“Eh, my precious un,” said Silas, “there isn't enough stones to go all round; and as for you carrying, why, wi' your little arms you couldn't carry a stone no bigger than a turnip. You're dillicate made, my dear,” he added, with a tender intonation; “that's what Mrs. Winthrop says.”
“Oh, I'm stronger than you think, daddy,” said Eppie; “and if there wasn't stones enough to go all round, why, they'll go part o' the way, and then it'll be easier to get sticks and things for the rest. See here, round the big pit, what a many stones!”
She skipped forward to the pit, meaning to lift one of the stones and exhibit her strength, but she started back in surprise.
“Oh, father, just come and look here,” she exclaimed; “come and see how the water's gone down since yesterday. Why, yesterday the pit was ever so full!”
“Well, to be sure,” said Silas, coming to her side. “Why, that's the draining they've begun on, since harvest, i' Mr. Osgood's fields, I reckon. The foreman said to me the other day, when I passed by 'em, ‘Master Marner,’ he said, ‘I shouldn't wonder if we lay your bit o' waste as dry as a bone.’ It was Mr. Godfrey Cass, he said, had gone into the draining; he'd been taking these fields o' Mr. Osgood.”
“How odd it'll seem to have the old pit dried up!” said Eppie, turning away and stooping to lift rather a large stone. “See, daddy, I can carry this quite well,” she said, going along with much energy for a few steps, but presently letting it fall.
“Ah, you're fine and strong, aren't you?” said Silas, while Eppie shook her aching arms and laughed. “Come, come, let us go and sit down on the bank against the stile there, and have no more lifting. You might hurt yourself, child. You'd need have somebody to work for you—and my arm isn't over strong.”
Silas uttered the last sentence slowly, as if it implied more than met the ear; and Eppie, when they sat down on the bank, nestled close to his side, and, taking hold caressingly of the arm that was not over strong, held it on her lap, while Silas puffed again dutifully at the pipe, which occupied his other arm. An ash in the hedgerow behind made a fretted screen from the sun, and threw happy, playful shadows all about them.
“Father,” said Eppie, very gently, after they had been sitting in silence a little while, “if I was to be married, ought I to be married with my mother's ring?”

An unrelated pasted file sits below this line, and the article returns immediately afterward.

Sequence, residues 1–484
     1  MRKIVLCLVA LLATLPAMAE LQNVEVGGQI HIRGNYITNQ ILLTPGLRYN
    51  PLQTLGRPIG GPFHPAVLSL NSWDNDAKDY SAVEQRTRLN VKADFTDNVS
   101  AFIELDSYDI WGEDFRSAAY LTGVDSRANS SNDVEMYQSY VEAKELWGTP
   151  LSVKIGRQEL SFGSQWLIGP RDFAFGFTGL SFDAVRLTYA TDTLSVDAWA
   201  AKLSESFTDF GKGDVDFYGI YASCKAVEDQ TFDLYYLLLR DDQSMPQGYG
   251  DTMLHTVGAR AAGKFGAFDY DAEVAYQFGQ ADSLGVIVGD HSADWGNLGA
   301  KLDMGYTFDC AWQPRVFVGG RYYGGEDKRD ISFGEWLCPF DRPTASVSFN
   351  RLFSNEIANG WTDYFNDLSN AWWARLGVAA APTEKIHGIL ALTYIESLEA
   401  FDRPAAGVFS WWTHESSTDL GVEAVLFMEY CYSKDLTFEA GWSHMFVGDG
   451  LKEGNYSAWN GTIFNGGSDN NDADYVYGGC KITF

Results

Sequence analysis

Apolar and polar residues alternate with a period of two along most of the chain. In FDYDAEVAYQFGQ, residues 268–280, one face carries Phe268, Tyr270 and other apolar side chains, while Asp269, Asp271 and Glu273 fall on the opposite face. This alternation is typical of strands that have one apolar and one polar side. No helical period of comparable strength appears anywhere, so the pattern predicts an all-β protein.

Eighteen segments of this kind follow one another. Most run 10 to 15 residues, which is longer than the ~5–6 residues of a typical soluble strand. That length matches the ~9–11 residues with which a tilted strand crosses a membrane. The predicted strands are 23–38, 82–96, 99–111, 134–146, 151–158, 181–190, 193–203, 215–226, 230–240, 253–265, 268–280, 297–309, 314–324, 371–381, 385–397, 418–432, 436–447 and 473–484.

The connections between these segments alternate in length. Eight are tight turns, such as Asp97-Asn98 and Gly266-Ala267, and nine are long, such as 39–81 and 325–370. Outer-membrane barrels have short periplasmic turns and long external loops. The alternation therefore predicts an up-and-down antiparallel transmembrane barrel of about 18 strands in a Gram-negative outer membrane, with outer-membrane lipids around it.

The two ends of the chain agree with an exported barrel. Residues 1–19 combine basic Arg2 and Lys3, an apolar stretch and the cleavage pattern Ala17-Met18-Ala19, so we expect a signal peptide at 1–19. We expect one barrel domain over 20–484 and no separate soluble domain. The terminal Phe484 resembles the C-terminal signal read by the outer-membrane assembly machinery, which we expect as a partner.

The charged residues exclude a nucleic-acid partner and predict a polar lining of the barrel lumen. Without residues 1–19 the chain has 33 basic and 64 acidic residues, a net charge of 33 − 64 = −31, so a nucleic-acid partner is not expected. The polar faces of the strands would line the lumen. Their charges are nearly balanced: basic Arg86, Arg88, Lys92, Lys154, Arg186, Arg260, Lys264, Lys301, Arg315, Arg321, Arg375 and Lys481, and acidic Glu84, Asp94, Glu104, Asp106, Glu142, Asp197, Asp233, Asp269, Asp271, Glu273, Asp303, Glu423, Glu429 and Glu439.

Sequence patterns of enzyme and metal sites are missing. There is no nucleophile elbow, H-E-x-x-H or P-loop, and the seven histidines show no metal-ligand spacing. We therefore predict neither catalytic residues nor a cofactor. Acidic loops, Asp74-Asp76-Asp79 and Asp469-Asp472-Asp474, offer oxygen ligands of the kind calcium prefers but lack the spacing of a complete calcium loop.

Silas gave an almost imperceptible start, though the question fell in with the undercurrent of thought in his own mind, and then said, in a subdued tone, “Why, Eppie, have you been a-thinking on it?”
“Only this last week, father,” said Eppie ingenuously, “since Aaron talked to me about it.”
“And what did he say?” said Silas, still in the same subdued way, as if he were anxious lest he should fall into the slightest tone that was not for Eppie's good.
“He said he should like to be married, because he was a-going in four-and-twenty, and had got a deal of gardening work, now Mr. Mott's given up; and he goes twice a week regular to Mr. Cass's, and once to Mr. Osgood's, and they're going to take him on at the rectory.”
“And who is it as he's wanting to marry?” said Silas, with rather a sad smile.
“Why, me, to be sure, daddy,” said Eppie, with dimpling laughter, kissing her father's cheek; “as if he'd want to marry anybody else!”
“And you mean to have him, do you?” said Silas.
“Yes, some time,” said Eppie; “I don't know when. Everybody's married some time, Aaron says. But I told him that wasn't true; for, I said, look at father—he's never been married.”
“No, child,” said Silas; “your father was a lone man till you was sent to him.”
“But you'll never be lone again, father,” said Eppie tenderly. “That was what Aaron said: ‘I could never think o' taking you away from Master Marner, Eppie.’ And I said, ‘It 'ud be no use if you did, Aaron.’ And he wants us all to live together, so as you needn't work a bit, father, only what's for your own pleasure; and he'd be as good as a son to you—that was what he said.”
“And should you like that, Eppie?” said Silas, looking at her.
“I shouldn't mind it, father,” said Eppie, quite simply. “And I should like things to be so as you needn't work much. But if it wasn't for that, I'd sooner things didn't change. I'm very happy; I like Aaron to be fond of me and come and see us often, and behave pretty to you—he always does behave pretty to you, doesn't he, father?”
“Yes, child; nobody could behave better,” said Silas emphatically. “He's his mother's lad.”
“But I don't want any change,” said Eppie. “I should like to go on a long, long while, just as we are. Only Aaron does want a change; and he made me cry a bit—only a bit—because he said I didn't care for him, for if I cared for him I should want us to be married, as he did.”
“Eh, my blessed child,” said Silas, laying down his pipe as if it were useless to pretend to smoke any longer, “you're o'er young to be married. We'll ask Mrs. Winthrop—we'll ask Aaron's mother what she thinks; if there's a right thing to do, she'll come at it. But there's this to be thought on, Eppie: things will change, whether we like it or no; things won't go on for a long while just as they are and no difference. I shall get older and helplesser, and be a burden on you, belike, if I don't go away from you altogether. Not as I mean you'd think me a burden—I know you wouldn't—but it 'ud be hard upon you; and when I look for'ard to that, I like to think as you'd have somebody else besides me—somebody young and strong, as'll outlast your own life, and take care on you to the end.” Silas paused, and, resting his wrists on his knees, lifted his hands up and down meditatively as he looked on the ground.
“Then, would you like me to be married, father?” said Eppie, with a little trembling in her voice.
“I'll not be the man to say no, Eppie,” said Silas, emphatically; “but we'll ask your godmother. She'll wish the right thing by you and her son, too.”
“There they come then,” said Eppie. “Let us go and meet 'em. Oh, the pipe! won't you have it lit again, father?” said Eppie, lifting that medicinal appliance from the ground.
“Nay, child,” said Silas; “I've done enough for to-day. I think, mayhap, a little of it does me more good than so much at once.”